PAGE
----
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Old 06-21-2009, 04:29 PM
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Raellus Raellus is offline
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Quote:
Originally Posted by Targan
I am impressed with your reasoning Raellus. I hope the DC Working Group read this thread.
Thanks, Targan. I hope I've given them something to think about.

One last thing before I give someone else a turn.

Although it is true that most NATO weapons systems/platforms were (and continue to be) superior in most respects to Soviet gear throughout the Cold War, it bears keeping in mind that shortly before the collapse of the USSR, the Soviets were starting to roll out some pretty capable systems. Due to the massive military funding cuts that started around '91, most of those systems either withered on the vine or were ordered/employed in only very limited numbers. I think many of us tend to imagine the late '80s matchups of Challengers vs. T-72s, or F-15s vs. MiG-23s when we try to envision the Twilight War. Soviet reserve units are often tooling around in T-55s and BMP-1s. By the Twilight War, the Soviets would be fielding considerably better front line gear and better gear would have trickled down to many second and third line units. Here's a brief list of stuff well down the pipeline by 1991, IRL:

The T-90 tank, combining and upgrading the best features/components of the T-72 and T-80.

The BMP-3: probably the most heavily armed IFV in the world.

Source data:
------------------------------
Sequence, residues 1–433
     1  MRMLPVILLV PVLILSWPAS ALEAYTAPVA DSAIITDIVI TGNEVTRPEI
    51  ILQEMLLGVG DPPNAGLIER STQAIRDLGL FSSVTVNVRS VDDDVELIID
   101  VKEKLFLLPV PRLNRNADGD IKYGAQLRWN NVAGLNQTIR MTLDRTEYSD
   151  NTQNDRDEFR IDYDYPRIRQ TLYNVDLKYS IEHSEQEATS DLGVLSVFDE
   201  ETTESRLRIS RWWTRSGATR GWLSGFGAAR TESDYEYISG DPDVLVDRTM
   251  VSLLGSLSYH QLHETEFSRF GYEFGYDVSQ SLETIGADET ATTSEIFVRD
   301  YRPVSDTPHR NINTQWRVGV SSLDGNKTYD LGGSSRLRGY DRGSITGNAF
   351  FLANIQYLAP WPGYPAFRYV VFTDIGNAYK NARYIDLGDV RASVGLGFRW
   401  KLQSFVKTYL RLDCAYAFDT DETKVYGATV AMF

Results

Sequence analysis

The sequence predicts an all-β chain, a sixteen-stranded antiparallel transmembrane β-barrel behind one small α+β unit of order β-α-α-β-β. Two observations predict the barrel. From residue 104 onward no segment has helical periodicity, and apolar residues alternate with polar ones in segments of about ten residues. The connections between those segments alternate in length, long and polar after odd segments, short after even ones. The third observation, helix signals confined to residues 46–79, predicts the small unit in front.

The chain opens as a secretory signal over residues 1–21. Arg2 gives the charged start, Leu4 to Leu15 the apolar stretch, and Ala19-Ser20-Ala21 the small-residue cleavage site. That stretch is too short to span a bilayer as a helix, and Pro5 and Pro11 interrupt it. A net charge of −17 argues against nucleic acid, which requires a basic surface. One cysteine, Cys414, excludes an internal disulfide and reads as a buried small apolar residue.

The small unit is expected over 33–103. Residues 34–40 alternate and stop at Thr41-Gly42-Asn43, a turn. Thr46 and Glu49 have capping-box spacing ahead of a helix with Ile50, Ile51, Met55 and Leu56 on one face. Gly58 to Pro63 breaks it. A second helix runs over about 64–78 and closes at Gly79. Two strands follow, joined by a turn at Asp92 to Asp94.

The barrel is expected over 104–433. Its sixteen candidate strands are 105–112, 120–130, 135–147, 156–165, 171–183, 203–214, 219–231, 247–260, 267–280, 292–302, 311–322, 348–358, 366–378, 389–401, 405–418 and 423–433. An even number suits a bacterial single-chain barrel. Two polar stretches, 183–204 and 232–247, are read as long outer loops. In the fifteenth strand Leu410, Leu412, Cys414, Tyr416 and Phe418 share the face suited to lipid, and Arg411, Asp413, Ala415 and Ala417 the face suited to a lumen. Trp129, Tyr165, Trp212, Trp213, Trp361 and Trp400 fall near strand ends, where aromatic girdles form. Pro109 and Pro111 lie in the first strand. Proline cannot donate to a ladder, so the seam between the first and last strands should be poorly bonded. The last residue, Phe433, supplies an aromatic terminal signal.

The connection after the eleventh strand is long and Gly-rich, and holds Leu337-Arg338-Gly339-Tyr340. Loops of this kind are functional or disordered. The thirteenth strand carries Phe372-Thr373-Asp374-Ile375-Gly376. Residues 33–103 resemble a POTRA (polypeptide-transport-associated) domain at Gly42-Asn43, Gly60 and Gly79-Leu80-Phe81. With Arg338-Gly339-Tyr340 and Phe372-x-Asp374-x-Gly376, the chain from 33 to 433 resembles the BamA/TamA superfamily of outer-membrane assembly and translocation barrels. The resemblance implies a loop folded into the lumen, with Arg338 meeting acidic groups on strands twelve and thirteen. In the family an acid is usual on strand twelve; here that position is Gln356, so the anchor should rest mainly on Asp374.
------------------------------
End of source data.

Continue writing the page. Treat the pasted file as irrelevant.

The BMD-3: ditto for airborne troops.

The BTR-90: a marked improvement in the series, with a heavy armament in its own right.

The 2S19 152mm SP gun.

The SU-30/32/33/34/35: Several very capable air superiority, multirole, and strike members of the excellent SU-27 family.

The Kamov KA-50 Hokum attack heli (and probably a couple hundred Mi-28 Havocs).

The An-94 assault rifle: This is a bit of a late addition, but it combines a fairly revolutionary firing mechanism with tried and true Kalashnikov features.

And perhaps even a regiment or two of T-95 tanks...

In the Twilight timeline, by 1996, these systems would have been in fairly widespread service with Guards and Category I divisions, freeing up the next lower level of gear (T-72s, BMP-2s, MiG-29 etc.) for Category II divisions and so forth, in a sort of trickle-down effect of major weapons systems. In 2000, you might still see a few T-62s and MiG-21s, but, by '97 those would be used in deep reserve units only.

After the nukes, though, a lot of old T-62s and T-55 and such would likely still be in reserve storage, ready to head for the front. NATO likely couldn't match that.
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Last edited by Raellus; 06-22-2009 at 12:53 PM.
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